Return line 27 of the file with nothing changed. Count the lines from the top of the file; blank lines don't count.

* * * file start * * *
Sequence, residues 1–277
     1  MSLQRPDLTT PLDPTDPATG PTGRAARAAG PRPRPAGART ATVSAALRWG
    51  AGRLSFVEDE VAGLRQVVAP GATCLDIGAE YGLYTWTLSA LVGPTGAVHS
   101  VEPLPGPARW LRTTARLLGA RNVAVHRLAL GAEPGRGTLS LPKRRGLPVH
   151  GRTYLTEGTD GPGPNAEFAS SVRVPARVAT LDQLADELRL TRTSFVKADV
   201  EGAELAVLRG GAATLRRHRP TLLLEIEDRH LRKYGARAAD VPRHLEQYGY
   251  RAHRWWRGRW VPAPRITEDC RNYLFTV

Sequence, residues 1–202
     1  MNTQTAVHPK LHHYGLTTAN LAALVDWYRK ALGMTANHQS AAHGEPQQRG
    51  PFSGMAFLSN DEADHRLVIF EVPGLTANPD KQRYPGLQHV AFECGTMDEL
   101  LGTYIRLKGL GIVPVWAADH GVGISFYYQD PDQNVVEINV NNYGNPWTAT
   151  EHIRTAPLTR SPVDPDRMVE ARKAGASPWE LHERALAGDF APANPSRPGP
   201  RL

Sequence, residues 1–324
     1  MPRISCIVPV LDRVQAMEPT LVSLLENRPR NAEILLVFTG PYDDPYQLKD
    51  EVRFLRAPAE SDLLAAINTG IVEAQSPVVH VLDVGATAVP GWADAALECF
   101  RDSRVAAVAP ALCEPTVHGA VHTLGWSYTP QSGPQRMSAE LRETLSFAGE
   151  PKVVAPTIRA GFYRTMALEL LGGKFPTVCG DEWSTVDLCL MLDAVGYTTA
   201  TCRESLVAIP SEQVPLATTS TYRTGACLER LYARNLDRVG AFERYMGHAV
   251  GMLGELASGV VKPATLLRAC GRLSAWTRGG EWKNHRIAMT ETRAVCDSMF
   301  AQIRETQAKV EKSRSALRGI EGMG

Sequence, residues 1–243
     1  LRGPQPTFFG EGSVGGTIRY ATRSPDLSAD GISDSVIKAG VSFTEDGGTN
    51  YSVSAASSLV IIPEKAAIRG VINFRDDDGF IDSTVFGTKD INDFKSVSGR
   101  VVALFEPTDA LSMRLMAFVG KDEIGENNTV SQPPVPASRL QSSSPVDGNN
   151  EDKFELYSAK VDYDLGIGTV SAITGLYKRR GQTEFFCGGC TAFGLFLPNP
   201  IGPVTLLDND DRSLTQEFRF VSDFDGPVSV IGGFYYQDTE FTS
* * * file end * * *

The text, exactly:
   201  IGPVTLLDND DRSLTQEFRF VSDFDGPVSV IGGFYYQDTE FTS